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Infect Immun. 2000 October; 68(10): 5552–5558.
PMCID: PMC101505

Regulation of Cathelicidin Gene Expression: Induction by Lipopolysaccharide, Interleukin-6, Retinoic Acid, and Salmonella enterica Serovar Typhimurium Infection

Editor: R. N. Moore


Cathelicidins are a family of antimicrobial peptides prominent in the host defense mechanisms of several mammalian species. In addition to their antimicrobial activities, these peptides have been implicated in wound healing, angiogenesis, and other innate immune mechanisms. To investigate the regulatory mechanisms of cathelicidin gene expression, we conducted in vitro experiments evaluating the bone marrow cell expression of two porcine cathelicidins, PR-39 and protegrin, and cloned and evaluated the promoter sequence of PR-39. In addition, we evaluated in vivo kinetics of cathelicidin gene expression in pigs during an infection with Salmonella enterica serovar Typhimurium. Lipopolysaccharide (LPS) increased PR-39 and protegrin mRNA expression, which was ameliorated by polymyxin B. Concentrations of PR-39 in supernatants from bone marrow cell cultures were increased 10-fold after LPS stimulation. Similarly, interleukin-6 (IL-6) and all-trans retinoic acid (RA) markedly induced cathelicidin gene expression. To verify the transcriptional activation of the PR-39 gene by these agents, we made a PR-39 promoter-luciferase construct containing the full-length PR-39 promoter driving luciferase gene expression and transiently transfected PK-15 epithelial cells. RA and IL-6 increased luciferase activity in PK-15 cells transfected with the PR-39 promoter-luciferase reporter. Similarly, Salmonella-challenged pigs showed increased expression of PR-39 and protegrin mRNA in bone marrow cells at 6 and 24 h postchallenge. Taken together, these findings show that bacterial products (LPS), IL-6, RA, and Salmonella infection enhance the expression of the cathelicidins, PR-39 and protegrin, in bone marrow progenitor cells, and we suggest that extrinsic modulation of this innate host defense mechanism may be possible.

Antimicrobial peptides are an important first line of defense against microbial invasion and play a prominent role in host defense mechanisms of innate immunity (5, 6, 12, 13, 23, 29). Among these natural antibiotics are a family of antimicrobial peptides called cathelicidins (40). Cathelicidins are the largest family of antimicrobial peptides in pigs and include PR-39, a proline-arginine-rich 39-amino-acid residue antimicrobial peptide (2, 16, 37, 43, 46); protegrins 1 to 5 (20, 45, 47); prophenins 1 and 2 (17, 46); and porcine myeloid antimicrobial peptides 23, 36, and 37 (36). Cathelicidins isolated from humans include the antimicrobial peptide LL-37 and human cationic antimicrobial protein 18 (1, 9, 10, 15, 21). In addition, cathelicidins have been found in cattle, sheep, goats, horses, mice, and guinea pigs either by cDNA cloning or by direct purification from mature neutrophils (11, 14, 24, 27, 32, 33).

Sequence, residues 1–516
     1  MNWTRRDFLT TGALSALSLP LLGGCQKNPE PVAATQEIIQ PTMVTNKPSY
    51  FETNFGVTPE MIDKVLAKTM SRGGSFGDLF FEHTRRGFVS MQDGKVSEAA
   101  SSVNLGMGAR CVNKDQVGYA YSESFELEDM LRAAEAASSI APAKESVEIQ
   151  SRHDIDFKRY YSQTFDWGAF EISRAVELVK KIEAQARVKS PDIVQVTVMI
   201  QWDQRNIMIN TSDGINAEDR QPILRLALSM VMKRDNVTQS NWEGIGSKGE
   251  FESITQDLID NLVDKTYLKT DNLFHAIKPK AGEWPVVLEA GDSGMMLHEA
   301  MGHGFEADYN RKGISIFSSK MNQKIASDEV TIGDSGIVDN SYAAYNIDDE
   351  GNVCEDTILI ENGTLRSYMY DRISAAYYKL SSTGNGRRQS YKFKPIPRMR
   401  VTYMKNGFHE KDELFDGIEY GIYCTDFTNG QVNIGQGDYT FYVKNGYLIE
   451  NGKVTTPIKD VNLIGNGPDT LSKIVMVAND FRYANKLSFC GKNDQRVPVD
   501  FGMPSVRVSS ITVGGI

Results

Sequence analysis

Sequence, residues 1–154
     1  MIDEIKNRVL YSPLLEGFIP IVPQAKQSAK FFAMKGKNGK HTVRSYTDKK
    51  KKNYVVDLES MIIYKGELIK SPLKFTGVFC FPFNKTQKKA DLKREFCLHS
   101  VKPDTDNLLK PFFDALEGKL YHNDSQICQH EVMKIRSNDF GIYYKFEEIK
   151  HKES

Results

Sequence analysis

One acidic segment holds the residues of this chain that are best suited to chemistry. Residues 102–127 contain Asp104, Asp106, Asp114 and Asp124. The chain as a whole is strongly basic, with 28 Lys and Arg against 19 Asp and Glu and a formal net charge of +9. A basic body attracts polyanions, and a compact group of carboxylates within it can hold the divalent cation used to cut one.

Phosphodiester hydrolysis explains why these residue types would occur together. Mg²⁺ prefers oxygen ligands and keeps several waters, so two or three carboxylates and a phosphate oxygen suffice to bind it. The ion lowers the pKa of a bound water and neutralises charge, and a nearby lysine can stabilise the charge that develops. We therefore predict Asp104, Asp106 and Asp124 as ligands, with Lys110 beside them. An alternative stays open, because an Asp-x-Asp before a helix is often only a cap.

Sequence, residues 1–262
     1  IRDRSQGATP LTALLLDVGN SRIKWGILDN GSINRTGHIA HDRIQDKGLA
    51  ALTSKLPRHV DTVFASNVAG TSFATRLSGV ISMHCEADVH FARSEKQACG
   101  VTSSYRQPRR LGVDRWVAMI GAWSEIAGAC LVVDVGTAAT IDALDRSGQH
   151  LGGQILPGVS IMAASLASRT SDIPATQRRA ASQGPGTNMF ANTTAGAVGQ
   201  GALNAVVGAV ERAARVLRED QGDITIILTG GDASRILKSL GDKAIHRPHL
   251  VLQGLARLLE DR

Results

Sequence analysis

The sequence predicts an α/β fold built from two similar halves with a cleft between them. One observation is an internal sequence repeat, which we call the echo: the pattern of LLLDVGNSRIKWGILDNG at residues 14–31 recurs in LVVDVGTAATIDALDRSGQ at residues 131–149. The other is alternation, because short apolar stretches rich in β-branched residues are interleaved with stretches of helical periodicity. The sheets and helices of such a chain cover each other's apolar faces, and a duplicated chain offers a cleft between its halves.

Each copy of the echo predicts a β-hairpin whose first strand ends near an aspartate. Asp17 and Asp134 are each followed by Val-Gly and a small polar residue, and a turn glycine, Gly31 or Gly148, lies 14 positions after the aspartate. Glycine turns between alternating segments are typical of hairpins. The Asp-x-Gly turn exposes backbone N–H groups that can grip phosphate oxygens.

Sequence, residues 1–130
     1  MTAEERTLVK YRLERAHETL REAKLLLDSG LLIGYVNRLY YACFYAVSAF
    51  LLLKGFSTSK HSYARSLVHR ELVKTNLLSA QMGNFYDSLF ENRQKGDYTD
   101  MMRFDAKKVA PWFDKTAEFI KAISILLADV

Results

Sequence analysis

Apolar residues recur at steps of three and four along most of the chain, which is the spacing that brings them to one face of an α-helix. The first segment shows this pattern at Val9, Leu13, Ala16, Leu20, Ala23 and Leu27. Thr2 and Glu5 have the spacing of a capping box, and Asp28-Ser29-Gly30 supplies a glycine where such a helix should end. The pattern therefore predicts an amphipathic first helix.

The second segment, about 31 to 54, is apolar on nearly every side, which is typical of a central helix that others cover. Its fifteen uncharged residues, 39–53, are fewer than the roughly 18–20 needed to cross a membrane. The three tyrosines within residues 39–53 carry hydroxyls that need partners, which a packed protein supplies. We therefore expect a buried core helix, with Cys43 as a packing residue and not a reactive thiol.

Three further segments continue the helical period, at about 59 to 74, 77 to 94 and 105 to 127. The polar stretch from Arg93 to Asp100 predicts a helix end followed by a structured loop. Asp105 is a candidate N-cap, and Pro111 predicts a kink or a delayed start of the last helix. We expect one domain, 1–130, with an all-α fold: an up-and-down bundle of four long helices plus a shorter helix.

Most cathelicidins are constitutively expressed in myeloid progenitor cells and stored as pro-peptides in mature neutrophil granules, where few or no transcripts are expressed (26, 28, 41). However, some cathelicidins are expressed in other tissues and are inducible, such as human LL-37 in the testis (1) and in keratinocytes (9) and PR-39 and protegrin in lymphoid tissues in young pigs (39). Several genes of the cathelicidin family have been characterized, and all encode a conserved prepro region, which is similar to that of cathelin, and a variable C-terminal antimicrobial domain (1, 9, 10, 1517, 20, 21, 36, 40, 4547). Porcine cathelicidin genes are all organized in the same manner, compromised of four exons and three introns; exons 1 to 3 encode the prepro sequence, and exon 4 encodes several residues of the pro sequence and the mature peptide sequence (16, 17, 36, 41, 43, 4547). The 5′-promoter region of the cathelicidin genes contains clusters of potential transcription regulatory elements, such as nuclear factor (NF)-κB, NF interleukin-6 (NF–IL-6), and IL-6 response elements (IL-6 RE) (15, 16, 45, 46), suggesting that cathelicidin gene expression may be actively regulated during infection and inflammation.

Although in vitro and in vivo induction of antimicrobial peptides has been reported previously for some antimicrobial peptides, such as LL-37 (9) and defensins (7, 8, 18, 19, 30, 31, 35, 38), information on the modulation of cathelicidin gene expression is sparse. The presence of potential transcription factor binding sites in the promoter region of cathelicidin genes, coupled with data indicating that some antimicrobial peptides are inducible, suggests that it is likely that cathelicidin genes are induced during bacterial infection. We report here on the regulatory mechanisms involved in gene expression and synthesis of porcine cathelicidins in response to lipopolysaccharide (LPS), inflammatory mediators, and bacterial infection. We show that all of these agents increase the expression of the porcine cathelicidins PR-39 and protegrin. In addition, promoter analysis of the PR-39 gene further supports the finding that cathelicidins are inducible and are not dependent on cell differentiation.


Animals and reagents.